Monday, July 4, 2016

July 4, 1972 - Firecracker 400 - That's 1

David Pearson started the 1972 Winston Cup season without a guaranteed, solid ride. He finished 26th in the season opener at Riverside, California's road course and fourth in the season's sixth race, the Atlanta 500. In both races, Pearson drove Bud Moore's #15 Ford.

Meanwhile, the Wood Brothers continued with A.J. Foyt in their #21 Mercury in 1972 after several successful races together in 1971. Super Tex and the Woods were magic in their first four races of 1972:
  • won the pole at Riverside, 
  • won the Daytona 500, 
  • won the pole and the race at Ontario, and 
  • finished 2nd in the Atlanta 500.
Foyt, however, needed to turn his attention to preparing for the Indianapolis 500. He chose to step away from the 21 ride. Glen and Leonard Wood phoned David Pearson to see if he'd be interested in driving for them. The rest, as they say, is history.

Pearson won the pole and the race in his first start with the Woods, the Rebel 500 at Darlington. Pearson also captured wins at Talladega and Michigan as the Cup season hit its midpoint.

The Cup teams returned to Daytona for the Firecracker 400 - the traditional beginning of the second half of the season. The race was held on Tuesday, July 4th.

Source: Motor Racing Programme Covers
The grand marshal for the race was Don Shula, the head coach of the the Miami Dolphins. Shula's experience at witnessing the speed, sounds, smells and incredible competition dropped his jaw. The day may have also inspired him to become an even better as coach as well. A few months after teh Firecracker race, Shula coached the Dolphins to a 17-0, Super Bowl-winning season.

Source: Colorado Springs Gazette
Bobby Isaac, the 1971 Firecracker winner, won the pole for the 400 with Pearson qualifying on the outside of the front row. Petty Enterprises and STP Dodge teammates Richard Petty and Buddy Baker made up the second row. Bobby Allison rounded out the top five starters.

Isaac and his Harry Hyde-led Dodge team arrived in Daytona a bit like the walking wounded.
  • Isaac was nursing a broken rib suffered in a golf cart accident.
  • Hyde was awaiting knee surgery to repair damaged cartilage.
  • Hyde injured his thumb with a drill bit after arriving in Daytona.
  • Crewman Buddy Parrott's broken jaw was wired shut after a diving board accident.
  • Crewman Harlan Cox couldn't work the race because of a slipped disc.
Despite the multiple injuries, the #71 team didn't get much sympathy from folks in the garage. Quite the contrary - at least by Pearson who took a good natured jab at Isaac after time trials:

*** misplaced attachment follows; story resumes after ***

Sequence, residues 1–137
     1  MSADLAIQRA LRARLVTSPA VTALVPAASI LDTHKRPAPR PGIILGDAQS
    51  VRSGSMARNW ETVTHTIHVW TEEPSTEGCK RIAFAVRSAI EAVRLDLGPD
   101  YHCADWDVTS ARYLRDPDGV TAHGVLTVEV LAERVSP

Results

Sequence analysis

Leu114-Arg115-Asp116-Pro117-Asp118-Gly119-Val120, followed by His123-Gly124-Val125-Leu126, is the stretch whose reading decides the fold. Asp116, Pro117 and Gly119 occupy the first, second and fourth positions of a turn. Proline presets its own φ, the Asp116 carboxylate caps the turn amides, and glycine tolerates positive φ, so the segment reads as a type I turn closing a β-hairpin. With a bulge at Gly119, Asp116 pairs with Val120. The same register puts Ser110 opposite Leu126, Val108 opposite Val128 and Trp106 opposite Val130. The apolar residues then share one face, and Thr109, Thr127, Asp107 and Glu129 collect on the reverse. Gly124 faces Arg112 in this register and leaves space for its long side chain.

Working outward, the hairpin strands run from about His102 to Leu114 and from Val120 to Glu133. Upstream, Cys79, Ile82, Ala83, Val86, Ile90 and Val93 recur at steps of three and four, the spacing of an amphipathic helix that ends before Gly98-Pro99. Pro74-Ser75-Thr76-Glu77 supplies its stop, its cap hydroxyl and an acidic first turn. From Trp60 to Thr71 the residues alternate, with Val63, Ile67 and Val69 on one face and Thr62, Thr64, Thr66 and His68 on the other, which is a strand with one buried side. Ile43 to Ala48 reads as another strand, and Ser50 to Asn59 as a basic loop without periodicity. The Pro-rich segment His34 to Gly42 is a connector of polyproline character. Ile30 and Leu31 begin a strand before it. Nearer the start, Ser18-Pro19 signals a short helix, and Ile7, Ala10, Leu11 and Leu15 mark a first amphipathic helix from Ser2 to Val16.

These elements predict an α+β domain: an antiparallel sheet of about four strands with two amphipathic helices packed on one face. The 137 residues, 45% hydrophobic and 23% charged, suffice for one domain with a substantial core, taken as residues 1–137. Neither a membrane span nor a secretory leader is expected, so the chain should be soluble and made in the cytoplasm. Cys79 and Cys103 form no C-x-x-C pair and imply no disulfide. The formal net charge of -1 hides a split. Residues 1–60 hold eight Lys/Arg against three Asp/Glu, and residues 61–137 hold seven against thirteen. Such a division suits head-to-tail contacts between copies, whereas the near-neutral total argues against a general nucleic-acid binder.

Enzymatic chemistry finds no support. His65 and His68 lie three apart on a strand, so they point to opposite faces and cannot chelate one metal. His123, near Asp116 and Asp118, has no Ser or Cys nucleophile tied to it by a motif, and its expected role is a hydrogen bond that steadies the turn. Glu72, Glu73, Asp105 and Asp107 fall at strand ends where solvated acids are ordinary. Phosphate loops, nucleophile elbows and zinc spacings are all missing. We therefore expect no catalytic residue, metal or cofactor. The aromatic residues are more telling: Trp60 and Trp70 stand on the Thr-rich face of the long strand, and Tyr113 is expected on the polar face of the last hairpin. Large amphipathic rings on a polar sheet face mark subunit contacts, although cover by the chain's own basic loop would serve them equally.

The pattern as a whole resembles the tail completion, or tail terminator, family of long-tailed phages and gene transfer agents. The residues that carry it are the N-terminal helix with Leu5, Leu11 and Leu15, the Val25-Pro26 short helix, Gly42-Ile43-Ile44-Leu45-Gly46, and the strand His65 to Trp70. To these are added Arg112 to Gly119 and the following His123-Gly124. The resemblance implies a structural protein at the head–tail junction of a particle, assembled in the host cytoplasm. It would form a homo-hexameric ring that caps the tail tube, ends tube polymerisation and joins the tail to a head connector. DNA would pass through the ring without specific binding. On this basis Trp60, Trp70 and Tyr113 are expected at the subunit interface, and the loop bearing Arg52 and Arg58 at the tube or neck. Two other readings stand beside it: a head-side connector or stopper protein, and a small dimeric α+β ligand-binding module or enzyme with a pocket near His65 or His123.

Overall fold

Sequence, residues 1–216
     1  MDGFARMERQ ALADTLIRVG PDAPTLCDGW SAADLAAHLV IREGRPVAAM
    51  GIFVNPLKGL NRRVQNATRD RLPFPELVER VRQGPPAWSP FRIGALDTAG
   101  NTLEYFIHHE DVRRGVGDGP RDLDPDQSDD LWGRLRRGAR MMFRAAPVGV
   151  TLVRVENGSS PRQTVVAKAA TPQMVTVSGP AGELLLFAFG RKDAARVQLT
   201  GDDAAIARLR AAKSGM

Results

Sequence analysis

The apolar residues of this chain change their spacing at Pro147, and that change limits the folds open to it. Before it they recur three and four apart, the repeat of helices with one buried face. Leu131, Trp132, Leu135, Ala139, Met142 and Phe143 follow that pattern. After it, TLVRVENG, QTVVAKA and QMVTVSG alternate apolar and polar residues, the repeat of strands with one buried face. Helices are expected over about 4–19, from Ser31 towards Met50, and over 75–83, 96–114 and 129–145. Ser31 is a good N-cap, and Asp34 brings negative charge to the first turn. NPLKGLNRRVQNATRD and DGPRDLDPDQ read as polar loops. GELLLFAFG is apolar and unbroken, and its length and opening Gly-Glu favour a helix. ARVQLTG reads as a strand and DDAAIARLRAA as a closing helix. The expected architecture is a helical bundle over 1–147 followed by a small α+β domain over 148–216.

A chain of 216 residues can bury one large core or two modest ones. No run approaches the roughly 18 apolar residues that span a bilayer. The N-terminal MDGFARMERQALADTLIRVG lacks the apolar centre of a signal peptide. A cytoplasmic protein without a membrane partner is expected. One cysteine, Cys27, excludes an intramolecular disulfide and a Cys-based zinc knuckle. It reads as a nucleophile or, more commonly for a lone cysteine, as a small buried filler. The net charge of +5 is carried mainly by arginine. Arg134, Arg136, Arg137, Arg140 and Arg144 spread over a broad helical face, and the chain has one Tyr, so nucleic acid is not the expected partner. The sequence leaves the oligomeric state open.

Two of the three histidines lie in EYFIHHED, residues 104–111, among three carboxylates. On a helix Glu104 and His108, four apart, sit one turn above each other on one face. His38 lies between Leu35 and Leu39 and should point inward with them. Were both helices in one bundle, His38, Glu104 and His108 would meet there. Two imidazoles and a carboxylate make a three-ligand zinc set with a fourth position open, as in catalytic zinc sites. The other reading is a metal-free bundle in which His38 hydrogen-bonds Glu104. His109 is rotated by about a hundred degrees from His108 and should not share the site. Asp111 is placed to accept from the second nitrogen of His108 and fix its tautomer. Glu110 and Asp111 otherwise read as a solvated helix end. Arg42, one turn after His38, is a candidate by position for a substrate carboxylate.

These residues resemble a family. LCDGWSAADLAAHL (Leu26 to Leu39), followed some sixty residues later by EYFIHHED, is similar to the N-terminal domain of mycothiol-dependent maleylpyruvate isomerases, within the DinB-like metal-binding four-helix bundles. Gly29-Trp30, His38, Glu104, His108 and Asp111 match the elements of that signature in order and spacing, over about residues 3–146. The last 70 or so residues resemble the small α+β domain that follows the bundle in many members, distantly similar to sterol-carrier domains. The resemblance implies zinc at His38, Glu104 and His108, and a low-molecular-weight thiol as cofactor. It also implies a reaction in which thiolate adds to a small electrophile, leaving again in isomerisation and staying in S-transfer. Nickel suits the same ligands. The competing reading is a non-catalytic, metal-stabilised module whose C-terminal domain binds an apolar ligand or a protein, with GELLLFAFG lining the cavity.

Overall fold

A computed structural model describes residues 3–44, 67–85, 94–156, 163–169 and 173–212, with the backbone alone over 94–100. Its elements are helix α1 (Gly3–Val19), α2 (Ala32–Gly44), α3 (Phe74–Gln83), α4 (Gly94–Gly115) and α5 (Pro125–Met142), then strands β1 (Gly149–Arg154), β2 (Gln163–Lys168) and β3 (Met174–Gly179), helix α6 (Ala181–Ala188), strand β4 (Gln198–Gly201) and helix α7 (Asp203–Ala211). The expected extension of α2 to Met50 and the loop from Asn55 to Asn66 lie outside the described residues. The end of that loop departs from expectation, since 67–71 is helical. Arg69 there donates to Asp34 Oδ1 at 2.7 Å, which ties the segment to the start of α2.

I never worry about Isaac. I can beat him even if his car stays together. The way he looks now, his crew's in such bad shape he needs an ambulance instead of a race car.
At the drop of the green, Baker drafted by both of the front row starters to lead lap 1. Pearson returned the favor to lead lap 2, and the duo repeated process for laps 3 and 4.

For the first half of the race, fans saw much of the same. Baker, Pearson, Allison, Petty, and Isaac all swapped the lead. Only three times did a leader hold serve for more than a single-digit number of laps - and all three times it was Pearson.

Halfway was all Isaac had to offer. Engine woes put the 71 out of commission and on the trailer early. His DNF also continued the Firecracker pole winner curse. From 1959 through 1972, the pole winner had never won the race.

As the race neared the 100-lap mark, the twin STP Dodges showed the way. Baker found his way back to the front for a few laps, and then the King pulled the lead for a 10-lap stretch. Then, as often happened in Baker's career, misfortune whacked him upside his noggin. He blew a tire in the second turn. The shredded tire knocked the oil filter off Baker's red #11 Dodge, and he was doomed to a 24th place DNF.

The final sixty laps were dominated by the trio of Pearson, Petty and Allison. Pearson wanted to do all he could to set the pace, and he led a bit more than half of those remaining laps. Petty wasn't done though. With 25 to go, Petty put the day-glo red and Petty blue Charger in the wind for a stretch of 11 laps. Allison let the two know that his Junior Johnson-prepared Coke Machine was going to have a say in the finish, and he passed Petty to lead 4-lap segment. But the 43 Hemi found another gear, and the King re-assumed the lead with about 10 to go.

As Petty and Allison went toe-to-toe, Pearson watched from third. Then with about five to do, he put his research to work. He drafted by both of them and sailed into the lead yet again. Petty made a final pursuit on the last lap. He closed up as he and Pearson sailed down the backstretch, and he tried to side draft the 21's outside as they came through the tri-oval. But it was not to be. Pearson kept the Purolator Mercury glued to the inside and nipped Petty at the line by about a half a car-length.


The victory was Pearson's first full-length race win at Daytona since the 1961 Firecracker 250. (He also won two Daytona 500 qualifying races in the 1960s that counted as official races in that era.) Pearson knew he had a strong car, but he also thought Petty might made a stronger and/or earlier move to grab the win away from him at the last moment. The race was the 45th of 63 times Petty and Pearson finished in the top two spots.


Source: The Gaffney Ledger

TMC

1 comment:

  1. Why was the Paul Revere 250 race held at midnight?

    ReplyDelete